Shelley Widhalm

Why being a writer is impractical (but, maybe, worth it)

In Shelley Widhalm, Writing, Writing Processes on August 17, 2014 at 11:00 am

I have spent thousands of hours working on the writing craft, studying writing, attending writing workshops and reading books about writing.

My ROI is $100, or the equivalent of a nano-penny for every hour spent on the craft.

The non-financial returns are why I got into writing, plus this compulsion I have to write, breathe, eat and go running. The returns are the benefits that come from developing any skill, such as knowing how to do something outside of the day job and getting a sense of accomplishment from learning, doing, practicing and then knowing a skill, hobby or craft.

With the writing craft, I’ve become more detail-oriented by thinking about ways to describe my environment and have expanded my understanding of psychology, sociology and history by applying what I’ve learned, observed and gathered to develop character identities.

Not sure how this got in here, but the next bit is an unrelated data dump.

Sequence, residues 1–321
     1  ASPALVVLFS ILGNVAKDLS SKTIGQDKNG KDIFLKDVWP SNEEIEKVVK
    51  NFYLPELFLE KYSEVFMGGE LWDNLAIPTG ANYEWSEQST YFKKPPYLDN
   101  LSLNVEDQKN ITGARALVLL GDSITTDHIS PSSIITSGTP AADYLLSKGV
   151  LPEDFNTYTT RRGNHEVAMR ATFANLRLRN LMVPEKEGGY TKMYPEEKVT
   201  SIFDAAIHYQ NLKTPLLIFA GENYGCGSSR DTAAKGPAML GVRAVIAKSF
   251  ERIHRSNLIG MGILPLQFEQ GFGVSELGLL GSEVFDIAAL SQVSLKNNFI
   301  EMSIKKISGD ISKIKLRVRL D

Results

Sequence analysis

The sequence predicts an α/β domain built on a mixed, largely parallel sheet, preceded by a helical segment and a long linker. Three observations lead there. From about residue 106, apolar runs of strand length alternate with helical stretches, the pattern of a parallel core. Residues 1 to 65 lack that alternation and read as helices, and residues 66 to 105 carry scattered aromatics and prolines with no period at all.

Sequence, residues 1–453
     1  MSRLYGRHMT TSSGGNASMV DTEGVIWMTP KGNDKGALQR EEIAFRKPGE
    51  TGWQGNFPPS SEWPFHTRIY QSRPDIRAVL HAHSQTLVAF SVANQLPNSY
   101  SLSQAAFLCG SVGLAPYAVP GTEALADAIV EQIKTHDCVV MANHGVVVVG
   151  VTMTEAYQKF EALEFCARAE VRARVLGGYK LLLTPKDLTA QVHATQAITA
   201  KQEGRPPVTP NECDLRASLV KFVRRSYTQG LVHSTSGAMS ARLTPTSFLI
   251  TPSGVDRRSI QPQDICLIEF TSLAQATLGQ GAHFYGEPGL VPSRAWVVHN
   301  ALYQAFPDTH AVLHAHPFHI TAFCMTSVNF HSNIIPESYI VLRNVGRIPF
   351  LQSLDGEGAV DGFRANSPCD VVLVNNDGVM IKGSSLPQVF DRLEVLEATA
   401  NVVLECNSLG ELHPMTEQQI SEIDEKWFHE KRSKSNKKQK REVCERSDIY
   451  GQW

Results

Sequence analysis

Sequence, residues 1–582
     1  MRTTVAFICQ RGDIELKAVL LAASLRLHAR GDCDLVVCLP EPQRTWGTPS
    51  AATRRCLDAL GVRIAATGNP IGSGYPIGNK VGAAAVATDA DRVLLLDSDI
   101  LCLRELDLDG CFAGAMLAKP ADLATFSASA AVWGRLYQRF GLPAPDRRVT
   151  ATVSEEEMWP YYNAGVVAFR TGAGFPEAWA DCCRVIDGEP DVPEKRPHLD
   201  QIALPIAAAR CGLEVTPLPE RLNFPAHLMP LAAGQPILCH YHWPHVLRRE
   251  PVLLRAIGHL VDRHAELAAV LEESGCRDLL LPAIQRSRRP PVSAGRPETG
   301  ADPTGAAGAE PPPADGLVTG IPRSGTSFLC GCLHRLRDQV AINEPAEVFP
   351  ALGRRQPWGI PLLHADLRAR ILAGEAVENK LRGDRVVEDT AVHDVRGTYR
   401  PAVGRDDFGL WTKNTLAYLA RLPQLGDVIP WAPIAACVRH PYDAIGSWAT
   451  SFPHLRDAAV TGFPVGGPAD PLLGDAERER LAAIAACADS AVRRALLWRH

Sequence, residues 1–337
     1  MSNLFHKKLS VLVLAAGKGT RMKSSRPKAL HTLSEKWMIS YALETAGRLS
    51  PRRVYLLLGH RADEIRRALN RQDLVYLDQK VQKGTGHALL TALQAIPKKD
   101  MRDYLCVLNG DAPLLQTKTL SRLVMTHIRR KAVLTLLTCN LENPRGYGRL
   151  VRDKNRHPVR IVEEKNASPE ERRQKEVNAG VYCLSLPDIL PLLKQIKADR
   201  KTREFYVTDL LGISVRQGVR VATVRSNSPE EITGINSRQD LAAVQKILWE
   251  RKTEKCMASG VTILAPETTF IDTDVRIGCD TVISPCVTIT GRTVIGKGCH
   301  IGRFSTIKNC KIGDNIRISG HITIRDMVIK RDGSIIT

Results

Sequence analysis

I key in on conversations in real life that I can use in dialog, making me more observant and a better listener.

I hear about or observe someone’s personality traits, so that I feel this character come alive and I mix what is real with my imagination.

And I hear story snippets that I just have to use (basically steal) when I come up with plot and scene outlines.

In other words, being a writer makes me more present to living, so that I am on high alert in case anything is worth putting into words. Being more cognizant about my environment is my ROI. I continually download, take in, live and observe life so that I have something to write about, because for me, writing is being, living and loving. It’s a passion.

Plain and simple.

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